The resulting SeaBalance emulsifier is “an upcycled, highly flexible natural O/W emulsifier that works with a variety of emollients in both cold and hot processes​,” said Yeh, which “creates a light, silicone-like skinfeel that is unique and aesthetically appealing​.” Further, he added, “SeaBalance can be applied in a wide pH range, is compatible with electrolytes and mineral UV filters, and naturally creates lower viscosity emulsions offering flexibility to formulators​.”

Study and critical takeaways

To conduct the moisturization and TEWL studies, which were not published in any peer-reviewed journals, Carbonwave “worked with a globally recognized lab​,” which “tested a basic skincare formulation with 3% SeaBalance vs untreated skin on the inner forearm of panel participants to measure the moisturization effect and TEWL under different durations​,” Yeh explained. From there, “the test was then repeated with the same formulation and use rate, but instead of SeaBalance, they used benchmark synthetic (PEG-100 Stearate, Glyceryl Stearate) and natural (Glyceryl Stearate Citrate, Polyglyceryl-3 Stearate, Hydrogenated Lecithin) emulsifiers, respectively, and compared the difference in effectiveness v. the SeaBalance formulation​,” he shared.

The results were encouraging and showed a better moisturization effect and an improved protective barrier effect compared to benchmark emulsifiers. Regarding moisturization, the study determined that SeaBalance showed a 32% increase in variation of cutaneous hydration rate versus the natural benchmark emulsifier after 30 minutes and a 59% increase over the natural benchmark emulsifier after two hours. SeaBalance also showed a 54% increase in variation of cutaneous hydration rate versus the synthetic benchmark emulsifier after 30 minutes and a 69% increase over the synthetic benchmark emulsifier after two hours.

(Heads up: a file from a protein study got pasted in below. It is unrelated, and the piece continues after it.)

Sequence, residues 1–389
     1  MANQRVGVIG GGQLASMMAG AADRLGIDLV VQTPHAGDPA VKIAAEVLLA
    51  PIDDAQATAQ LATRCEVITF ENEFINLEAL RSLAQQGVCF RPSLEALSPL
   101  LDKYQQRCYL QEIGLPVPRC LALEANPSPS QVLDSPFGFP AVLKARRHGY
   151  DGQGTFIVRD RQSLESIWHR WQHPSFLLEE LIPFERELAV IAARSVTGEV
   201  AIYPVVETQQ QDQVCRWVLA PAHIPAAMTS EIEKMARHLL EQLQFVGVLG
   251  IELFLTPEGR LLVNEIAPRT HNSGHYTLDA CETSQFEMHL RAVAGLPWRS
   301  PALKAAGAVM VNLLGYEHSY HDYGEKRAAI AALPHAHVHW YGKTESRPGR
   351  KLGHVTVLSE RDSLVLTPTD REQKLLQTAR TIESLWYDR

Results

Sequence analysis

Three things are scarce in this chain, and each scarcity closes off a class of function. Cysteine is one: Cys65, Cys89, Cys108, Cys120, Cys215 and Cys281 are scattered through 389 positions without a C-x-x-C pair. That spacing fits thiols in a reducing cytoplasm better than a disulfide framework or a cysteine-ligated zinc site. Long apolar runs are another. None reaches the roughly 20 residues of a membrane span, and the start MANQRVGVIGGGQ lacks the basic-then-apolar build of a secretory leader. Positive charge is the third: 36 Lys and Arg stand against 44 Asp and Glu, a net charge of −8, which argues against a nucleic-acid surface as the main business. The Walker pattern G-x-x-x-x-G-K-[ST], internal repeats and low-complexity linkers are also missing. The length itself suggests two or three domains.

Regarding SeaBalance’s protective barrier effect, the study results indicated demonstrable skin barrier function improvement and a decrease of TEWL after six hours to keep moisture off the tested skin successfully. Yeh concluded that “the results prove that SeaBalance provides a statistically significant boost in moisturization verses the benchmark emulsifiers,​” and Carbonwave plans to publish the study results on their company website. 

Looking ahead

Carbonwave will continue working to innovate the sustainable ingredient space, and “with over 300 trials to date and a growing network of international distributors focused on specialty ingredients, we are constantly learning new ways to apply SeaBalance​,” said Yeh. Plans for further development include “working on future versions of SeaBalance to expand use cases and provide even more options for our formulation testing partners​,” he concluded.